Over at Penny Arcade (http://www.penny-arcade.com), Tycho sez that WoW is "a game that is essentially a mechanism to obscure the loot table." I’ve thought about this, and I don’t agree with him.
Yes, it’s true that like many/most games created today, the WoW "reward schedule" is complex and robust, and has been very carefully polished. And, like most CRPG games, the rewards you get are 1) quest achievements, and 2) avatar upgrades (so, loot). But even laying aside the multiplayer aspects of WoW’s game experience, can we truly reduce it to nothing but an obscured loot table?
Let’s imagine…a hypothetical game, where your avatar is an Olympic high-jumper. The screen is filled with bars you can jump over, and if you succeed, your jump height is increased by a small amount. So of course you prioritize the bars, jumping over the small ones first, and working up to the large ones. You can choose to re-jump a bar, but its benefit is smaller each time.
You occasionally try a bar you know is too high, and usually you fail, and very occasionally you succeed. You keep tabs on the bars you’ve conquered, and work to make sure you’ve jumped over every bar on the screen, and to make sure your jump ability is eventually maxed out.
This is easy to imagine, ’cause it’s the structure of every CRPG (and many other game genres) ever made. And where’s the loot table? Well, the "loot", or reward, is both the increase in your avatar’s jump height, and the effect of that change (the set of bars that are suddenly within reach). Is the game obscuring this loot? No, of course not. It’s a very simple and transparent game mechanic.
What if we change some things? First, we modify the success reward (the stat boost you get for a successful jump) by a random number. Sometimes you get a double boost, sometimes you get nothing. This is just "intermittently reinforcing behavior" shown ages ago by B.F. Skinner (http://en.wikipedia.org/wiki/Operant_conditioning).
Another change; every 2 minutes, all of the bars change by a small random number. Another; some bars secretly give no reward, while others give double. Some give rewards only during certain times of the day; others give rewards only if you jump several in a specific sequence.
After all these changes, the reward schedule isn’t so transparent, but it sounds more fun and challenging, right? You still care about maxing your (one) stat, and about jumping over all the bars. But now you have more things to care about. You see that more things seem unpredictable, and you want to figure them out. You got some bonuses, and you want to find out how to get more, so you can max your stat sooner.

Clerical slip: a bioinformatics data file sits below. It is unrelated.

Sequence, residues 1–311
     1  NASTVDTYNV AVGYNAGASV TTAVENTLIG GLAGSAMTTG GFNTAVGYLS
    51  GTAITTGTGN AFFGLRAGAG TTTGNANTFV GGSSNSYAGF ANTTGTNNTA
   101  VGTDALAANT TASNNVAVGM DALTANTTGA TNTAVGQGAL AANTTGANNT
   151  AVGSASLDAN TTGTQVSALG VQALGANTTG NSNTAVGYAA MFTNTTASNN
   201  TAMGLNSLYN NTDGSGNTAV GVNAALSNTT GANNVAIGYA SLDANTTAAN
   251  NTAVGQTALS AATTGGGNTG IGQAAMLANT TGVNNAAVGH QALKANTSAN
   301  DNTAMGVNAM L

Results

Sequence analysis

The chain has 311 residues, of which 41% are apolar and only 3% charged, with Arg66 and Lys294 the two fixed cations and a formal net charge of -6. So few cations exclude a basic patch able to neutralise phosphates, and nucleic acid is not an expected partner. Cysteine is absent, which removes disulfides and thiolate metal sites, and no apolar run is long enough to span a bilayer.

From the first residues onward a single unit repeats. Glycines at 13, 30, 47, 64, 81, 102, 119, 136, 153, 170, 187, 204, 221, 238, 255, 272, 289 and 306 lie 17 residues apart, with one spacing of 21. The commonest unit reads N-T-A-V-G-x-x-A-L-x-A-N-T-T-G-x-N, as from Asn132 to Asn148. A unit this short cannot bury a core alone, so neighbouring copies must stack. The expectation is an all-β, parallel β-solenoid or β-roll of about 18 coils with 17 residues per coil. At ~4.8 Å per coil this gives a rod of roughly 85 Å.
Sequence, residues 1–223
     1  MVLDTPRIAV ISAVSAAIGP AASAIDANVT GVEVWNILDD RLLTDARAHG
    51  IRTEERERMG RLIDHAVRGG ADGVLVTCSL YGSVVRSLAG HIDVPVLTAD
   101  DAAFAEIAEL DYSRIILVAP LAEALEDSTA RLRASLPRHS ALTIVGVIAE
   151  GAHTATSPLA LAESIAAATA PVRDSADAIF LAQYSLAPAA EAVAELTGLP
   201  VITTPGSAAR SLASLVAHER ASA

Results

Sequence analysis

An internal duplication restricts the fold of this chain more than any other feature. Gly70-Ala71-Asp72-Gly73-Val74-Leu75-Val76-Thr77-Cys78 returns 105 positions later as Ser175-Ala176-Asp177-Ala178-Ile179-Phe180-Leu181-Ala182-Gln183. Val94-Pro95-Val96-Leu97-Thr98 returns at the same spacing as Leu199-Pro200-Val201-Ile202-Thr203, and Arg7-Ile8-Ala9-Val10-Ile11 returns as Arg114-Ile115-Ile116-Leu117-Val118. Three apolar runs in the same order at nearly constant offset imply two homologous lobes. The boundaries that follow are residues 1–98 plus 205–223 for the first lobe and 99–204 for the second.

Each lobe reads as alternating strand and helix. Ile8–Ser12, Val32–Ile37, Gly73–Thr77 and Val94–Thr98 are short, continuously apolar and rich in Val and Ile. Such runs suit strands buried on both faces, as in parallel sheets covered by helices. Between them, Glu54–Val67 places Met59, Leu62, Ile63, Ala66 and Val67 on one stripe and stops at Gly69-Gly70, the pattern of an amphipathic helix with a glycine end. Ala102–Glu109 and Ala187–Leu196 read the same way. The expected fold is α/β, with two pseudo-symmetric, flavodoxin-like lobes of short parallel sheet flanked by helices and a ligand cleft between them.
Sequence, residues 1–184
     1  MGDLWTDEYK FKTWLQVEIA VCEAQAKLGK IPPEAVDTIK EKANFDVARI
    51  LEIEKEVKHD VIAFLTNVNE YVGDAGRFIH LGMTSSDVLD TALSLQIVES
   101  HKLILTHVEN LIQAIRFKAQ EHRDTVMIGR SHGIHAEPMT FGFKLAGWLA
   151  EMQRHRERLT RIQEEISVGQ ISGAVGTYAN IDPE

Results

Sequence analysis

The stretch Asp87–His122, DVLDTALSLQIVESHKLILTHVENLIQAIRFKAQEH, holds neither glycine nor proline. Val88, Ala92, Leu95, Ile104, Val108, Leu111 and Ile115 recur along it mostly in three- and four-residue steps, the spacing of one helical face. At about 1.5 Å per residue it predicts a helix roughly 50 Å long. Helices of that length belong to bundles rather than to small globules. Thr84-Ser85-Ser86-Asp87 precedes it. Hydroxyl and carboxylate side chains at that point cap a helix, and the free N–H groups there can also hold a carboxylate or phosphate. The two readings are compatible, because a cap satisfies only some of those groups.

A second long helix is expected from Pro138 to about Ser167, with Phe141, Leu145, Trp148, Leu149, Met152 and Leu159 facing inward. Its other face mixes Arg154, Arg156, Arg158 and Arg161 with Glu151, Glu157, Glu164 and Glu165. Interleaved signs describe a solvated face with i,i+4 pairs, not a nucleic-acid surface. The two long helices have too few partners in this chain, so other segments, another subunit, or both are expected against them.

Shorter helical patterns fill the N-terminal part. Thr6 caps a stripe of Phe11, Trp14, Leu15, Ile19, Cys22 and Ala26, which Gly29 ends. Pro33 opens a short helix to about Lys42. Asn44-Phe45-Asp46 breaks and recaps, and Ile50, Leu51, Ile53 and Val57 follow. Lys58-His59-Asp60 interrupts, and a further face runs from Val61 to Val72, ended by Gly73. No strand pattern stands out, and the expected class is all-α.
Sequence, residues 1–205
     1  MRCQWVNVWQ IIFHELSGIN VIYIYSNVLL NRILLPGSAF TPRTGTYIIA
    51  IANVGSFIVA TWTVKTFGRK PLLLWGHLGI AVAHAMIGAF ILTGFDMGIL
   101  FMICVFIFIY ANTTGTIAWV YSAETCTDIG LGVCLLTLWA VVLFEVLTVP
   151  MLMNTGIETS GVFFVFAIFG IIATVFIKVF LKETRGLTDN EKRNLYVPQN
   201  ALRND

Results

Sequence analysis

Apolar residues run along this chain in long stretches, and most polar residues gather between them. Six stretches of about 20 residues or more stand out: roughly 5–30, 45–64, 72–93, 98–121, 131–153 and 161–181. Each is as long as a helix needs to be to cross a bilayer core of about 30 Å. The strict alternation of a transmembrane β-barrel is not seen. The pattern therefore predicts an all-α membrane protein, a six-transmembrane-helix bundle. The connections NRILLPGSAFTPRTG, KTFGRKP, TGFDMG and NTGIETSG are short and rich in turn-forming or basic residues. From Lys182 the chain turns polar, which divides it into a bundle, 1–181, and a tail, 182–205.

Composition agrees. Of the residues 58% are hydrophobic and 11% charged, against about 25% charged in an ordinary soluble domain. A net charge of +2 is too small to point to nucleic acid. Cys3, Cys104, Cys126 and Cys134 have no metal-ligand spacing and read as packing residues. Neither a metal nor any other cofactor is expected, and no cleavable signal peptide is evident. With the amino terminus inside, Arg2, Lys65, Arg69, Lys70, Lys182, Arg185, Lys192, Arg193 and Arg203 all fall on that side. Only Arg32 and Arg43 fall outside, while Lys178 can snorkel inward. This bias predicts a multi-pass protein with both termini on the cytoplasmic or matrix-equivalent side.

Now we’re sounding more and more like WoW and similar games, right? So much complexity to figure out, just so you can maximize your stats. Is it a "mechanism to obscure the loot table"? No. It’s a bunch of tasks, some stats, and a whole lot of procedural complexity, which is there to make the game even more fun than just tasks and stats alone.
And the loot? That’s just stats. Aside from the aesthetic value of Onyx Platemail (remember, we were laying aside the multiplayer element, which includes showing off your cool armor to others), it’s just stats. We jump the bars to raise the stats (which is a reward).
In a previous blog post, I talked about Johnathan Blow and his lecture, http://braid-game.com/news/?p=129. In it, he asked the assembled game designers a simple question. If you remove the reward schedule from your game, do you have any game left? The implication was that the answer should be "yes", and that many designers would have to say "no".
I say the answer misses the point. Reward schedules or not, people play games for all kinds of different reasons. Even our high-jump game can be played to maximize stats, conquer all the bars, figure out all the underlying complexities, or just enjoy the trip. Saying that a game is just a "mechanism to obscure the loot table" says a lot more about the player, than about the game.